Infantile parkinsonism-dystonia, also known as dopamine transporter deficiency syndrome (DTDS), is an autosomal recessive complex motor neurologic disorder with onset in infancy. Affected individuals show hyperkinesia with orolingual and limb dyskinesia, dystonia, and chorea, or hypokinesia with parkinsonian features, such as bradykinesia, rigidity, and tremor. Other features may include axial hypotonia, pyramidal tract signs, and eye movement abnormalities. Many patients are misdiagnosed as having cerebral palsy. Cognitive function appears to be less severely affected, but most patients die in the teenage years. There is no effective treatment. Laboratory studies show an increased ratio of homovanillic acid (HVA) to 5-hydroxyindoleacetic acid (5-HIAA) in cerebrospinal fluid (CSF), which represents an increase in dopamine metabolites (review by Kurian et al., 2011). For an overlapping phenotype, see tyrosine hydroxylase deficiency (605407), also known as autosomal recessive Segawa syndrome.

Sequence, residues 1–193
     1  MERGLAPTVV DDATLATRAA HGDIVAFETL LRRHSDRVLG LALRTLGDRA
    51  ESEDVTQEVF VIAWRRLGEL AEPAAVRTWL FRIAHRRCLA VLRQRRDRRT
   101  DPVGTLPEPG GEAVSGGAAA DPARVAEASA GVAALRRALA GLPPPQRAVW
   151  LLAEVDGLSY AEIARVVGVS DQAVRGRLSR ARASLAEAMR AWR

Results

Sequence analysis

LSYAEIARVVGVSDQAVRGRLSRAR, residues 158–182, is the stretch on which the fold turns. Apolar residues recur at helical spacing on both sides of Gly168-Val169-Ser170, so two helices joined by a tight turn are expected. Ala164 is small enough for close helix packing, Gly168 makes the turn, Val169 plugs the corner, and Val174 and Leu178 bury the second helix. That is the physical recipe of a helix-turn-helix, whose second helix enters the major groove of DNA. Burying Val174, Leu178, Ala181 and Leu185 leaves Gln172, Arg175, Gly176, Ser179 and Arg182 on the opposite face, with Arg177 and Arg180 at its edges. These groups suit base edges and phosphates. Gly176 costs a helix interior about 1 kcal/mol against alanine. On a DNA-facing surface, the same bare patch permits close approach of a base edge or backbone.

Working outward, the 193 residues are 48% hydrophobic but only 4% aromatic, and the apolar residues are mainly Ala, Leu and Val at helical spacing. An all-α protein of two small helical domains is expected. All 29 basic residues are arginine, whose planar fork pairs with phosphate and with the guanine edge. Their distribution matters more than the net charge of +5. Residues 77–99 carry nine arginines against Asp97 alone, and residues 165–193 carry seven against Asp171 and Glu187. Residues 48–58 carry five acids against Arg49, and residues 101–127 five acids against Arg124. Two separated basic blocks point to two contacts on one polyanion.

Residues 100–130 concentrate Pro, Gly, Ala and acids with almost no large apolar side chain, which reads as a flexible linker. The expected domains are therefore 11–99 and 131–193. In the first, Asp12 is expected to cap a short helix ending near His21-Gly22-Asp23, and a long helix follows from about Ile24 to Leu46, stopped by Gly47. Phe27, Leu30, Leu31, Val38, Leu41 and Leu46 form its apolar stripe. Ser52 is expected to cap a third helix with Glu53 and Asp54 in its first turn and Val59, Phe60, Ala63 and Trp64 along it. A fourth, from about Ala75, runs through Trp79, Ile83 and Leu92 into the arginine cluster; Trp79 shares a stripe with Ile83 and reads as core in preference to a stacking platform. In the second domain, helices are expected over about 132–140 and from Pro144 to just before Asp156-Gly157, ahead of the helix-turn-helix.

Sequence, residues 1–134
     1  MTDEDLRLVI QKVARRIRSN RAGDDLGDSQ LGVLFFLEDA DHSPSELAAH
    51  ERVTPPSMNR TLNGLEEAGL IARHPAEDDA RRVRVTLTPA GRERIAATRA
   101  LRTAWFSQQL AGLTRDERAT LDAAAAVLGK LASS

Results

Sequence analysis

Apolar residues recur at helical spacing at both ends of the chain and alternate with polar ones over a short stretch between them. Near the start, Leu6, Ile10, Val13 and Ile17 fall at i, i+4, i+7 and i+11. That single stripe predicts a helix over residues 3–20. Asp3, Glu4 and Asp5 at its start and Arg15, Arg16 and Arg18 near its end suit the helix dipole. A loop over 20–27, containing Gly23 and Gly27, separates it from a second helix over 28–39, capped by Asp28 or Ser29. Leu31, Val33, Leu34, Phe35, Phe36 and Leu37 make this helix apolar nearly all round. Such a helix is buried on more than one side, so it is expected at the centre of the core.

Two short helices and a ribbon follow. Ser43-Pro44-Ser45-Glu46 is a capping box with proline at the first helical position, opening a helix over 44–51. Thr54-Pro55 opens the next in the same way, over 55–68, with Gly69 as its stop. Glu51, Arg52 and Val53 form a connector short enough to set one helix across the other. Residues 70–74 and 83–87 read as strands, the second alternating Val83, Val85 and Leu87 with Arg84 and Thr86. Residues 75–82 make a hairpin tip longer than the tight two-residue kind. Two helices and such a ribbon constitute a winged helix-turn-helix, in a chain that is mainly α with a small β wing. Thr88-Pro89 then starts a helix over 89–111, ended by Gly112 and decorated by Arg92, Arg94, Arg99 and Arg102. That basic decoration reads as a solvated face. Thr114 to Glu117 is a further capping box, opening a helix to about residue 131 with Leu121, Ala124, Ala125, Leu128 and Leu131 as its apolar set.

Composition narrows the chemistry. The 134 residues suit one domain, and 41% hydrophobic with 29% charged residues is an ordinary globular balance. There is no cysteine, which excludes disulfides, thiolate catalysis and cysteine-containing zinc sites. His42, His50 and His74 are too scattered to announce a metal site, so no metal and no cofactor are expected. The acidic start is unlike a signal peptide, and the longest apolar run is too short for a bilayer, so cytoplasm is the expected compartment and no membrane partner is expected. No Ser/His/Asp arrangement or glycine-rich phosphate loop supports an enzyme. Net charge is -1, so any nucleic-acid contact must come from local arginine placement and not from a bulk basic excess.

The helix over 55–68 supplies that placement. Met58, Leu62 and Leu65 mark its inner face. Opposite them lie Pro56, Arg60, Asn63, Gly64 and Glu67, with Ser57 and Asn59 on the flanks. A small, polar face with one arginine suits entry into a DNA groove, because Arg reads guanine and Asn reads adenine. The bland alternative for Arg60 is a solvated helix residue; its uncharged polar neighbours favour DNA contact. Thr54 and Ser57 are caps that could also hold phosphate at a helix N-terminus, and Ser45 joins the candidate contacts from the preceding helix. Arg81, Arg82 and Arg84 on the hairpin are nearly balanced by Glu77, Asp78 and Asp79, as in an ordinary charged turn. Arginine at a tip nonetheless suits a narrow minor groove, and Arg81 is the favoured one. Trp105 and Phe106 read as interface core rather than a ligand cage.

Amyloidogenic transthyretin amyloidosis
MedGen UID:
414031
Concept ID:
C2751492
Disease or Syndrome
Familial transthyretin (TTR) amyloidosis is characterized by a slowly progressive peripheral sensorimotor neuropathy and autonomic neuropathy as well as non-neuropathic changes of cardiomyopathy, nephropathy, vitreous opacities, and CNS amyloidosis. The disease usually begins in the third to fifth decade in persons from endemic foci in Portugal and Japan; onset is later in persons from other areas. Typically, sensory neuropathy starts in the lower extremities with paresthesias and hypesthesias of the feet, followed within a few years by motor neuropathy. In some persons, particularly those with early onset disease, autonomic neuropathy is the first manifestation of the condition; findings can include: orthostatic hypotension, constipation alternating with diarrhea, attacks of nausea and vomiting, delayed gastric emptying, sexual impotence, anhidrosis, and urinary retention or incontinence. Cardiac amyloidosis is mainly characterized by progressive cardiomyopathy. Individuals with leptomeningeal amyloidosis may have the following CNS findings: dementia, psychosis, visual impairment, headache, seizures, motor paresis, ataxia, myelopathy, hydrocephalus, or intracranial hemorrhage.